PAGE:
The Afton Springs Site
Mastodon teeth uncovered at Sulphur Spring.
Photo from Holmes' excavation of the spring in 1901.
William Henry Holmes (1846-1933), curator of Anthropology
at the Smithsonian National Museum in the early 1900's, traveled
to Oklahoma in 1901 to investigate a report of prehistoric mammoth
and mastodon bones being found in association with spear points.
Holmes believed that humans had been in the Americas no longer than
4,000 years and thus humans and Ice Age (or Pleistocene) animals
could not have co-existed on the continent at the same time.
Holmes discovered near the town of Afton a marsh where
settlers had boxed in a flowing spring which produced drinkable
water with a slight sulphur taste. The spring was known locally
as Sulphur Springs. Using the labor of a hired crew, Holmes diverted
the water flow from the spring and cleared about two feet of accumulated
"muck" from the area. Below, he found a layer of compacted,
fine sand. Further digging revealed mammoth and mastodon teeth and
bones jumbled together with modern horse bone, prehistoric spear
and arrowpoints, deer antler billets used to shape stone tools,
bone awls and stone knives.
The association of the modern horse bone with the
Ice Age elephant bones demonstrated that the stone tools were not
necessarily Pleistocene in age. Since most of the materials were
confined to an area about three feet in diameter, Holmes concluded
that the bones and tools were either washed or were thrown into
the spring basin and settled together in a heap at the base of the
This work at Sulphur Springs in Ottawa County represents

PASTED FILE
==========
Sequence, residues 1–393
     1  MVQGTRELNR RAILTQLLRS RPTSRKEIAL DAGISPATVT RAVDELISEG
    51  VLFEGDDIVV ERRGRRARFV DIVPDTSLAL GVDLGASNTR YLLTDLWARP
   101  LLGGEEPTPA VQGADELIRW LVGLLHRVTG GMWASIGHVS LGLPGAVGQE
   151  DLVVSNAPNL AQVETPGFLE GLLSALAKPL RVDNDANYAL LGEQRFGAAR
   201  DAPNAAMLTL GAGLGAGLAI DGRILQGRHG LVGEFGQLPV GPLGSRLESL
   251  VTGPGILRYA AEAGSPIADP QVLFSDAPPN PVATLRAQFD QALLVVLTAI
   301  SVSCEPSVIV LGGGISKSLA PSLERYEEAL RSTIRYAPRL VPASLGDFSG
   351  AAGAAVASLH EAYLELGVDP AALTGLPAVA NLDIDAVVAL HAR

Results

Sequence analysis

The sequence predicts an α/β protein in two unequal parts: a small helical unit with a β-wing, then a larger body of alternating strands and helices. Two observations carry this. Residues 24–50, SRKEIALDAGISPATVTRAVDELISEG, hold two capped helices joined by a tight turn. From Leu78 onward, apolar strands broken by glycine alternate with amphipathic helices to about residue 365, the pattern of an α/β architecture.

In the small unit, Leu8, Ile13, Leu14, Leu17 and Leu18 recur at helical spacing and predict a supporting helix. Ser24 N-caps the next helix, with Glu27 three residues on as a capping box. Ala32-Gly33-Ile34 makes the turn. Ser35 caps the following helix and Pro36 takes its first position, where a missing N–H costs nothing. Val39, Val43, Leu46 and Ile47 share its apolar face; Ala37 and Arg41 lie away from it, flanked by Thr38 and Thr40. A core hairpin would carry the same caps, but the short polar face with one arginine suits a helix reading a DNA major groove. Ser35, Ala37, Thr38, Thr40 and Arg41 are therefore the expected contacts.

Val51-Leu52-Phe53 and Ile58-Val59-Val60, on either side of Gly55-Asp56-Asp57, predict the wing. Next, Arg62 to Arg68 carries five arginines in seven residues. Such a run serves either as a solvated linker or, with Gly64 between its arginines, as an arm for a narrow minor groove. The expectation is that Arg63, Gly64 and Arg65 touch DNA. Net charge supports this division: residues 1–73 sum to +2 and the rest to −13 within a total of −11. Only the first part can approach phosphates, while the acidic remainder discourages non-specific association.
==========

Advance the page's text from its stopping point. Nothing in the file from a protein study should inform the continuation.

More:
the first excavations in Oklahoma undertaken by a professional archaeologist.
Over the 20th century the springs filled and were cultivated. Now
the area can only be distinguished by being slightly wetter than
the surrounding land.
The stone spearpoints recovered during the Holmes
excavation have been compared to points from other sites and now
are believed to date to the Woodland
period (2,000 to 1,200 years ago). A deer antler from
the springs has been radiocarbon dated to around 3,000 years before
While the Holmes expedition to northeast Oklahoma
could not substantiate the association of Pleistocene animals and
human hunters, further work in Oklahoma has helped push the arrival
date of people to the continent back to at least the end
of the Ice Age and perhaps much earlier.
"Flint Implements and Fossil Remains from a Sulphur
Spring at Afton, Indian Territory" by William Henry Holmes,
Report of the US National Museum for 1901, Paper #2, 1903.
Number of Prehistoric Sites in Ottawa
County Identified to Time Period